The best way to protect against the flu is to get vaccinated every year. The ideal time to get vaccinated is usually October or November, before flu season begins; however getting a flu shot later may still provide protection since flu season typically peaks in January and last through about March.
Emergency physicians highly recommend that persons who are at high risk of having serious flu complications and people who live with or care for high flu-risk individuals (including home caregivers and health care workers) get vaccinated each year. Persons in high-risk groups include:
- Children six months old through age five.
- Pregnant women.
- Persons age 50 and older.
- Persons with chronic medical conditions.
- Persons in nursing homes and long-term care facilities.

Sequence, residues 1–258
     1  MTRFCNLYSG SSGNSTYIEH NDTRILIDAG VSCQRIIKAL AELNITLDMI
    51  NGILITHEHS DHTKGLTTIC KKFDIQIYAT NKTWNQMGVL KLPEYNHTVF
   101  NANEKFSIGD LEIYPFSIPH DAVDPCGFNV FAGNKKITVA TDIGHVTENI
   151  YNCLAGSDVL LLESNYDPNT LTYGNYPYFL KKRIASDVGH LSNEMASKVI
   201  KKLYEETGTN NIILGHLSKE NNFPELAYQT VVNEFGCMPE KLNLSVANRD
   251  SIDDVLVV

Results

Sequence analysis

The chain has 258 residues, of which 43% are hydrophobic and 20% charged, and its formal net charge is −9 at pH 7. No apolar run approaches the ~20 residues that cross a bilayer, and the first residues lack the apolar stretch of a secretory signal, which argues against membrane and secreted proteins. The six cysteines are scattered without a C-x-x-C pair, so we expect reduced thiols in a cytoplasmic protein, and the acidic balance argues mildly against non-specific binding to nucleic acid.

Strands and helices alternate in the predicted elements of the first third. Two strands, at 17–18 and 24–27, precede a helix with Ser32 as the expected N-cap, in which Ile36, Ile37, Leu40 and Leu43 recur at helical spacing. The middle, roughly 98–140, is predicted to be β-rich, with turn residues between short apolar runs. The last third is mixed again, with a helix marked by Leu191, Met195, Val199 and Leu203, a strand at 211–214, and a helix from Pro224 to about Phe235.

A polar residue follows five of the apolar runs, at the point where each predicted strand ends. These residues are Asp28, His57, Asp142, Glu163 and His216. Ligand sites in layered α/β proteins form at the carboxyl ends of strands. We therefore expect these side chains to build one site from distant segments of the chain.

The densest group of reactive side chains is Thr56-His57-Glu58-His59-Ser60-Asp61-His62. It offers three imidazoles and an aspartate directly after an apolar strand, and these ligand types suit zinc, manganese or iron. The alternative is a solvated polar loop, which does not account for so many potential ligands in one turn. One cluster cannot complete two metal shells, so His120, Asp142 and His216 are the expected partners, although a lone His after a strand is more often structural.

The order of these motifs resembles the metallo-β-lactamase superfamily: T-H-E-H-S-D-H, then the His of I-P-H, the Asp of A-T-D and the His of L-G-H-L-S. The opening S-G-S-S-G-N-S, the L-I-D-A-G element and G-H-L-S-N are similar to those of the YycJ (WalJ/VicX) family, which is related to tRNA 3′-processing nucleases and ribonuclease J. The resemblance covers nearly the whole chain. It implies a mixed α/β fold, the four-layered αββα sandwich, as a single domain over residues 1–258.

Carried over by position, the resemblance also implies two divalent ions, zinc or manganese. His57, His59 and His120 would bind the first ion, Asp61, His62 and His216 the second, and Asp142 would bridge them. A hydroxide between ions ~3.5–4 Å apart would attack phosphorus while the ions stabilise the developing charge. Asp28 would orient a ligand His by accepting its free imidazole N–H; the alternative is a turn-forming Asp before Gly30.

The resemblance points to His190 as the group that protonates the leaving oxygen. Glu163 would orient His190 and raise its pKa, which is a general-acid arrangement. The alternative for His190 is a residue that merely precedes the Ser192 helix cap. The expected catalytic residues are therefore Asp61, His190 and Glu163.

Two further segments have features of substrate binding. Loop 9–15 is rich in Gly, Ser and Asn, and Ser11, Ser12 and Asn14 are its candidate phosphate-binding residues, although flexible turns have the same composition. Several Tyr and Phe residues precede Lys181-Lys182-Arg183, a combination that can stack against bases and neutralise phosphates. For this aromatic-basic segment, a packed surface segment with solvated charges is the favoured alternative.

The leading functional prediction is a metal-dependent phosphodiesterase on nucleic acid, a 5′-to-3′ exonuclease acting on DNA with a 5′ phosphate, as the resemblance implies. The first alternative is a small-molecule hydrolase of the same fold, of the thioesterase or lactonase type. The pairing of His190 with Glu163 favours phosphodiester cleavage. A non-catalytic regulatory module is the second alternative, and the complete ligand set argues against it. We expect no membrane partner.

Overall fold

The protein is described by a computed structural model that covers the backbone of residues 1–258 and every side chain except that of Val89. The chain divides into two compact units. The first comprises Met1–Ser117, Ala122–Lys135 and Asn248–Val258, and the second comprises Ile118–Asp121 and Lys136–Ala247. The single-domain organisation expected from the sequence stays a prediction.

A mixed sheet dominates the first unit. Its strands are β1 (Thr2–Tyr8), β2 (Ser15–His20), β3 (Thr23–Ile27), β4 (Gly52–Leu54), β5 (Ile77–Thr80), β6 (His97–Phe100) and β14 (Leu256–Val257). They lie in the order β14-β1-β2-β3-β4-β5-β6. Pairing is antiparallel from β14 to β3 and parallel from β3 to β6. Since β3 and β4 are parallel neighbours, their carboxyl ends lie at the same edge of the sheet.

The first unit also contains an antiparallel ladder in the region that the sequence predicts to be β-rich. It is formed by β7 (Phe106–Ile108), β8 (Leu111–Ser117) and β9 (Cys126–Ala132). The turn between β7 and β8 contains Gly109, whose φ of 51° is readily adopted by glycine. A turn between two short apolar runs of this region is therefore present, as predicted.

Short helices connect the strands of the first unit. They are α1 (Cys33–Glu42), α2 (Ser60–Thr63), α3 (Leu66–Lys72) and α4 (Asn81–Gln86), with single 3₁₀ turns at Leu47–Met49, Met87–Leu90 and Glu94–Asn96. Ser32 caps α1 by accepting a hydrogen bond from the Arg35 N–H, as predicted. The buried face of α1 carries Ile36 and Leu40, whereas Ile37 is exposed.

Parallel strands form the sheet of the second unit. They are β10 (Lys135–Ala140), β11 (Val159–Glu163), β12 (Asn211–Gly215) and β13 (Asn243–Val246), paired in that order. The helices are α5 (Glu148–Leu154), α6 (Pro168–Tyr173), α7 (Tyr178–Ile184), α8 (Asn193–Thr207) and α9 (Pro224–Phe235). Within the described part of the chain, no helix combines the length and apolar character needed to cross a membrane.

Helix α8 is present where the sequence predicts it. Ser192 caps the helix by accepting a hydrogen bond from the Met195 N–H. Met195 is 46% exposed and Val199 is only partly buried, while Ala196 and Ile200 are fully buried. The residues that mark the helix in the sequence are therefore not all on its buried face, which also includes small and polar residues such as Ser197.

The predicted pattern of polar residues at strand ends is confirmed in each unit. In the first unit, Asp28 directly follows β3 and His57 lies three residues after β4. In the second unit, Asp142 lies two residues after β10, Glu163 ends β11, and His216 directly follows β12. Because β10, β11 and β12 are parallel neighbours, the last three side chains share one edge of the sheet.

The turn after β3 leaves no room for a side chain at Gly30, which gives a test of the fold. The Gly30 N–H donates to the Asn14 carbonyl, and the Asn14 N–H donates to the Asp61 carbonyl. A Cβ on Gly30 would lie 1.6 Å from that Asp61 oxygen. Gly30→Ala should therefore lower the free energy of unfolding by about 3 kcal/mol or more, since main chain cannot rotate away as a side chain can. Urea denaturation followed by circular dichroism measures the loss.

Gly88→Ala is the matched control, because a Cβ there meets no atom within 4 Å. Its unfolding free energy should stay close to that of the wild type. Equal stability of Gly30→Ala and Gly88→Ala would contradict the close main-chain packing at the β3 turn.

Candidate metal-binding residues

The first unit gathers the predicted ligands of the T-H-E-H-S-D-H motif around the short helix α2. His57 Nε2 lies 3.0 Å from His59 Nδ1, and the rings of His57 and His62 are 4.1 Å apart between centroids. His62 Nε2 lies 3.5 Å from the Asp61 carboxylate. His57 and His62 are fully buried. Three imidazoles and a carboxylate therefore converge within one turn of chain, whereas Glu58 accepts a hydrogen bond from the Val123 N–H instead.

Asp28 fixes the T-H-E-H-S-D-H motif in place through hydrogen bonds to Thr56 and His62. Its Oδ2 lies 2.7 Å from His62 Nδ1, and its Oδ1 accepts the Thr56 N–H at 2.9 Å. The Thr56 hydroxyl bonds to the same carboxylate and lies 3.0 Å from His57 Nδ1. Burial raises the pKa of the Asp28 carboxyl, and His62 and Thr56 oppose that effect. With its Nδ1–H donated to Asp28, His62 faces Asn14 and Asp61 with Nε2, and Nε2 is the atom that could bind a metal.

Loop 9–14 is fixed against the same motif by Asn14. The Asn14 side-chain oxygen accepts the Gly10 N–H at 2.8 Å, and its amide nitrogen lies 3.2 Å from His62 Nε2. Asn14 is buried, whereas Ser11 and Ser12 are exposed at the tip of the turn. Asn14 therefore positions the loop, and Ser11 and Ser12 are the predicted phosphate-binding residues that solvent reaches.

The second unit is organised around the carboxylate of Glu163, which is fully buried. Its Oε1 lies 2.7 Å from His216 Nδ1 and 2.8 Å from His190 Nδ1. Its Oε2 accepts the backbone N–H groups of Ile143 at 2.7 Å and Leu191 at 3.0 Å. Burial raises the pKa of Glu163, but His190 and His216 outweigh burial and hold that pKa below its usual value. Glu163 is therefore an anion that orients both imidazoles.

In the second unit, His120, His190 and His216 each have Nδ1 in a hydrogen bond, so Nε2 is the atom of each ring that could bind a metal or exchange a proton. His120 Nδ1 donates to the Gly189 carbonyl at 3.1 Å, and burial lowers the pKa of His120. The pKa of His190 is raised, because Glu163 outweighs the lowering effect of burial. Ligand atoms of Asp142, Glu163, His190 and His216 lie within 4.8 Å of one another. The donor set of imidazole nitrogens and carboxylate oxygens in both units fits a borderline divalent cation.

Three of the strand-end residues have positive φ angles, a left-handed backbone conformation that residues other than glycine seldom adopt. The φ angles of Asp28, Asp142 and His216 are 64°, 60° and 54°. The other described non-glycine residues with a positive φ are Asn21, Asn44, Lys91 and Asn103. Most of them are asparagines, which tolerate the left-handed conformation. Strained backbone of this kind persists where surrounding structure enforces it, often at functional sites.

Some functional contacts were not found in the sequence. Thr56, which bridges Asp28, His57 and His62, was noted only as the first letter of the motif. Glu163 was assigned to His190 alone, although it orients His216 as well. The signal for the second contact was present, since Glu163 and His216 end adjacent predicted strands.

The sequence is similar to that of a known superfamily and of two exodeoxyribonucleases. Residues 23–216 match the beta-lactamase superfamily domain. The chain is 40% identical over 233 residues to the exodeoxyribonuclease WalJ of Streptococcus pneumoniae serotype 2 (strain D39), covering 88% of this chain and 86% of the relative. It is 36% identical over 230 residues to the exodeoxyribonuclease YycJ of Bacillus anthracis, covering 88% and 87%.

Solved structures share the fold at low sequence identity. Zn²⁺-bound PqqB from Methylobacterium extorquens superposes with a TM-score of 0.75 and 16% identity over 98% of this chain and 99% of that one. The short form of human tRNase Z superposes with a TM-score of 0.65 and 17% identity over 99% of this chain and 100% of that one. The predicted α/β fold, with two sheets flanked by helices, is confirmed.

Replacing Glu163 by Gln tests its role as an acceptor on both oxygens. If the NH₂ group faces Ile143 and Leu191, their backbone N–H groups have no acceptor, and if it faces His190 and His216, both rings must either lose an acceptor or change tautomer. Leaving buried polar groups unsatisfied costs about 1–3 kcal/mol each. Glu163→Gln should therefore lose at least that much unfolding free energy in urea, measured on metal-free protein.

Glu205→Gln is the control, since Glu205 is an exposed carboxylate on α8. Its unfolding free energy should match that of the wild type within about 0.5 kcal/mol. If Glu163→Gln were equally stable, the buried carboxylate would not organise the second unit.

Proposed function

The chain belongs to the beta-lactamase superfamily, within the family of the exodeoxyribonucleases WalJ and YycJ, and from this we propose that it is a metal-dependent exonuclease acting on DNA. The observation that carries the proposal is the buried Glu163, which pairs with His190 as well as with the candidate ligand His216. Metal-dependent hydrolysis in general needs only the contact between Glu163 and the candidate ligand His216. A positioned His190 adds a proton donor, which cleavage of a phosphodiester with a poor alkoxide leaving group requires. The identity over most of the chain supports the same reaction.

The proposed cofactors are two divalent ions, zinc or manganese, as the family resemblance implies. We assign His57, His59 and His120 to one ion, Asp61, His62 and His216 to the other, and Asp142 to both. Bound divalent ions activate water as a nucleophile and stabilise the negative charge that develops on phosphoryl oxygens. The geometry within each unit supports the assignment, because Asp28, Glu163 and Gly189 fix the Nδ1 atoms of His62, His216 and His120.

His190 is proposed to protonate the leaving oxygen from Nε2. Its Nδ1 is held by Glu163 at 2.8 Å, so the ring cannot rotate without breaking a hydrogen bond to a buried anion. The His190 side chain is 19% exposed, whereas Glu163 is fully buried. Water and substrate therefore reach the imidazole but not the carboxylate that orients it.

The flu vaccine is generally available beginning in October and is distributed through health care providers, in-store clinics, schools and many places of employment. Check with your physician, your local government or community services center. Getting a flu shot can reduce most people’s chances of catching the flu by up to 80 percent during flu season. It isn’t a guarantee against getting sick, though —mainly because there are many viruses that can cause the flu, and the vaccine only protects against a handful of them. However, among those persons who do get the flu after receiving the flu shot, symptoms usually will be milder. (It should be noted that the seasonal flu shot does not offer protection against avian (or bird) flu, and it also would not be effective in the event of pandemic flu, a virulent human influenza that causes a global outbreak of serious illness and to which there is little natural immunity.)